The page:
Winter temperatures drive homeowners to seal up their homes and raise the thermostat, elevating the risk of carbon monoxide (CO) inhalation. About 50,000 people in the U.S. end up in the emergency room every year because of unintended CO poisoning, and more than 400 people die.
This odorless, tasteless, colorless gas is a result of imperfect combustion, which means it’s created any time a material burns. If any appliances in your home run on natural gas, oil, propane, kerosene, wood, gasoline or charcoal, you’re at risk of CO exposure. Find out what happens when you breathe carbon monoxide emissions and how to reduce your risk of exposure this winter.
The Danger of Carbon Monoxide
Frequently referred to as the “silent killer,” carbon monoxide is lethal because it prevents the body from consuming oxygen properly. CO molecules dislodge oxygen within the blood, starving the heart, brain, lungs and other vital organs of oxygen. Large amounts of CO can overwhelm your system in minutes, triggering loss of consciousness and suffocation. Without immediate care, brain damage or death can occur.
Carbon monoxide poisoning can also take place slowly if the concentration is comparatively minimal. The most common signs of CO inhalation include:
- Chest pain
As these symptoms imitate the flu, numerous people don’t discover they have carbon monoxide poisoning until mild symptoms progress to organ damage. Be wary of symptoms that decrease when you leave home, suggesting the source may be somewhere inside.
Carbon Monoxide Safety Tips
While CO poisoning is frightening, it’s also entirely avoidable. Here are the top ways to keep your family safe from carbon monoxide gas.
Use Combustion Appliances Correctly
- Never let your car engine run while parked in a confined or partially enclosed building, such as a garage.
- Never use a generator, lawn mower or other gasoline-powered tool in an enclosed space such as a basement or garage, irrespective of how well-ventilated it may be. Also, keep these devices about 20 feet away from open windows, doors or intake vents.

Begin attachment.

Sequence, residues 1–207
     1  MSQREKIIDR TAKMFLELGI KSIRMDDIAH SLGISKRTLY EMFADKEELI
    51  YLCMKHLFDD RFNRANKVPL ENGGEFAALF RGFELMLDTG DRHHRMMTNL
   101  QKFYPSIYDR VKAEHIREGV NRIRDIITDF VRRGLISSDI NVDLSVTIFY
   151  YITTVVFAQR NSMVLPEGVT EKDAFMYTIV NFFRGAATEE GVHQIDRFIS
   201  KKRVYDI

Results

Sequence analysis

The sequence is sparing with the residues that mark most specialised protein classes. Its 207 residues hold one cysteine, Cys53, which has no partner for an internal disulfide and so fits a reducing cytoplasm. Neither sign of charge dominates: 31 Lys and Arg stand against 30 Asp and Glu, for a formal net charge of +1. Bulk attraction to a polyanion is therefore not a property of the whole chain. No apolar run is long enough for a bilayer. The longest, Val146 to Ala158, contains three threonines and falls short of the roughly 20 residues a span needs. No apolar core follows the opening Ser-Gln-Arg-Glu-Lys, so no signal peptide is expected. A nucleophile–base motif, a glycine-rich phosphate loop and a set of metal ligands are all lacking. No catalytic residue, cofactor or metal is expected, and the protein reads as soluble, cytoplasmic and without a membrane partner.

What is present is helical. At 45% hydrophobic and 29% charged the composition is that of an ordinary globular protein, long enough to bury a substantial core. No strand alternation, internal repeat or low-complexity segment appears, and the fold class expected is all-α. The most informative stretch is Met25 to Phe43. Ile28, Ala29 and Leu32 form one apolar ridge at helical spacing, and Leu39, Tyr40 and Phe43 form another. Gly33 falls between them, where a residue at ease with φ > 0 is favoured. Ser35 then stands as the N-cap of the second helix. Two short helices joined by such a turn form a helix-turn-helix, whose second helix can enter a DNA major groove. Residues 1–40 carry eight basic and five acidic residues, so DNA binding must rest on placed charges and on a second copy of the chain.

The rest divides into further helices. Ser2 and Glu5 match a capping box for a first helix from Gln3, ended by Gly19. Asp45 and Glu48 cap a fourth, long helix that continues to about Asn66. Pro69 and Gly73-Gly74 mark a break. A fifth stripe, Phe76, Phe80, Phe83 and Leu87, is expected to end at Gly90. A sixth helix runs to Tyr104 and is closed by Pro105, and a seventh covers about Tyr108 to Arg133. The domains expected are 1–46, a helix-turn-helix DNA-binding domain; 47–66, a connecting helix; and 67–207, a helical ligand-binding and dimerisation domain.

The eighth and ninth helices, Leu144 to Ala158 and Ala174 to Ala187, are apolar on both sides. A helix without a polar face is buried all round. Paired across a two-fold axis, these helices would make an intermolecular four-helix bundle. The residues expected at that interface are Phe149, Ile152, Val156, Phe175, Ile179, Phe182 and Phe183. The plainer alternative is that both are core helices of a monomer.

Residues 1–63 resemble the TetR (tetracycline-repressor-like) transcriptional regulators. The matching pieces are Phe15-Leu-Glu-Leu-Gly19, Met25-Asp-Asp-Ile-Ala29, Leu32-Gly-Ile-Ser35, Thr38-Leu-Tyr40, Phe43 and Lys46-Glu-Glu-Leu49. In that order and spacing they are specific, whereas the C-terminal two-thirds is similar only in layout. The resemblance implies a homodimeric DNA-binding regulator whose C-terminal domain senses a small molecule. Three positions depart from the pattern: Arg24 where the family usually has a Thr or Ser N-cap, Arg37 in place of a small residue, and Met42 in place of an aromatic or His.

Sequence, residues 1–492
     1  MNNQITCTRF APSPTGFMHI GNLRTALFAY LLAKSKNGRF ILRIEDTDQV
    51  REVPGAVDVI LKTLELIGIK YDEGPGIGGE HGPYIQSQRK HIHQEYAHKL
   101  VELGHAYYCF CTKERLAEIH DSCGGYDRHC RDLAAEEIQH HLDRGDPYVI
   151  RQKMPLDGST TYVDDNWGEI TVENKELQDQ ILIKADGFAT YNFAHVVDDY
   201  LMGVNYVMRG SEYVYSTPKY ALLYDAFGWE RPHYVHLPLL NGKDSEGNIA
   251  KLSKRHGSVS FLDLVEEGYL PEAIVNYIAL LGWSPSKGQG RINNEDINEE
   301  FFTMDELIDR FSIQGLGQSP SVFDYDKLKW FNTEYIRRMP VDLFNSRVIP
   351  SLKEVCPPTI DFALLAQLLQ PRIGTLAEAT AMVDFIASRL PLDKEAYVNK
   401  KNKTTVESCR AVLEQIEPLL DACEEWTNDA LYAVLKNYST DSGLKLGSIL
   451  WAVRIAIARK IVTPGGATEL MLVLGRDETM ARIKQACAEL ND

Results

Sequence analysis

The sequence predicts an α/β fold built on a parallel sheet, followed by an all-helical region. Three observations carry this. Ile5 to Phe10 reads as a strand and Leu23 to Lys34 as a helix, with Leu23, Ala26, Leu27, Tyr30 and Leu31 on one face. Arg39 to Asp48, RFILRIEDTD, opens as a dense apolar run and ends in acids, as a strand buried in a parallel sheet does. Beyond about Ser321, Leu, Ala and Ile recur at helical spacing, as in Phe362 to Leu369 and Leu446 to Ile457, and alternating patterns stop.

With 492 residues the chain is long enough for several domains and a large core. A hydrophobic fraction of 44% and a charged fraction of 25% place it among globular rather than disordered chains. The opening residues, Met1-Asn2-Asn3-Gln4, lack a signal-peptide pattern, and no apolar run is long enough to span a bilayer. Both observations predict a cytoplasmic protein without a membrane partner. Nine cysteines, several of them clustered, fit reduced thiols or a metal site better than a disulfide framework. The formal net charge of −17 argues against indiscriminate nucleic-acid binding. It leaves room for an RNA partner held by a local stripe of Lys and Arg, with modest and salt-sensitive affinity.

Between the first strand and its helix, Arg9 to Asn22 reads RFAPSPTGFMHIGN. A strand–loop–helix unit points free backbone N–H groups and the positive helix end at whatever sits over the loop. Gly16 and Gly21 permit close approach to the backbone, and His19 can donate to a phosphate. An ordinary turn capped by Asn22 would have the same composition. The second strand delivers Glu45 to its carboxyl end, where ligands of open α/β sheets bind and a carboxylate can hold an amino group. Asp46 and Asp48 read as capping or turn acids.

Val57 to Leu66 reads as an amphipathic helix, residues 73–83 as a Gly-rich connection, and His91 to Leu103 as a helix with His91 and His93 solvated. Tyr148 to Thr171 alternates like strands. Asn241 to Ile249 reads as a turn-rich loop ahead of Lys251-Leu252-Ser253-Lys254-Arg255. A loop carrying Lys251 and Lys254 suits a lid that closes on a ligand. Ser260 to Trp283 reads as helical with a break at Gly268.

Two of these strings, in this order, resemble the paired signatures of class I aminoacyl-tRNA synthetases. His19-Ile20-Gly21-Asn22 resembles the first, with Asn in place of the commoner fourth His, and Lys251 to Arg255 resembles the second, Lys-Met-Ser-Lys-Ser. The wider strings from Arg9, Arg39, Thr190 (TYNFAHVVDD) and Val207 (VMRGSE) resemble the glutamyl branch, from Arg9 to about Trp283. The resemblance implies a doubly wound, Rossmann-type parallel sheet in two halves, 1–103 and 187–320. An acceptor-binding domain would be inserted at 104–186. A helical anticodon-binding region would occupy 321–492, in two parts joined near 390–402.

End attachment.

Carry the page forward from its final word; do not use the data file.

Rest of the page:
- Avoid using a charcoal grill or portable camping stove within a home, tent or camper.
- Keep all vents and flues clear of debris that could produce a blockage and encourage backdrafting of carbon monoxide gases.
Install, Test and Replace the Batteries in Your Carbon Monoxide Detectors
If you ever operate combustion appliances in or around your home, you should put in carbon monoxide detectors to alert you of CO emissions. These detectors can be hardwired, battery-operated or plugged into an outlet depending on the style. Here’s how to take full advantage of your carbon monoxide detectors:
- Install your detectors securely: As you think about potential locations, keep in mind that your home needs CO alarms on every floor, near every sleeping area and adjacent to the garage. Keep each unit out of reach from combustion appliances and sources of heat and humidity. The higher on the wall or ceiling you can place your detectors, the better.
- Check your detectors on a regular basis: The majority of manufacturers recommend monthly testing to ensure your CO alarms are functioning properly. Simply press and hold the Test button for 5 to 20 seconds, wait for the alarm to sound and release the button. You ought to hear two brief beeps, see a flash or both. If the detector does not perform as anticipated, swap out the batteries or replace the unit altogether.
- Replace the batteries: If these detectors are battery-powered models, change the batteries every six months. If you have hardwired devices with a backup battery, swap out the battery once a year or if the alarm is chirping, whichever comes first. Then, install new carbon monoxide alarms every 10 years or as often as the manufacturer suggests.
Schedule Annual Furnace Maintenance
Several appliances, including furnaces, water heaters, fireplaces and clothes dryers, may leak carbon monoxide if the appliance is installed incorrectly or not running as it should. A once-a-year maintenance visit is the only way to know for sure if an appliance is faulty before a leak appears.
A precision tune-up from Service Experts Heating & Air Conditioning offers the following:
- Check the heating appliance for carbon monoxide leaks.
- Search for any troubling concerns that might lead to unsafe operation.
- Review additional places where you could benefit from setting up a CO detector.
- Tune up your system so you know your heating and cooling is functioning at peak safety and productivity.
Contact Service Experts Heating & Air Conditioning
If your gas furnace, boiler or water heater has sprung a CO leak, or you want to stop leaks before they happen, Service Experts Heating & Air Conditioning can help. Our HVAC and plumbing maintenance and repair services promote a safe, comfortable home all year-round. Get in touch with your local Service Experts Heating & Air Conditioning office for more details about carbon monoxide safety or to request heating services.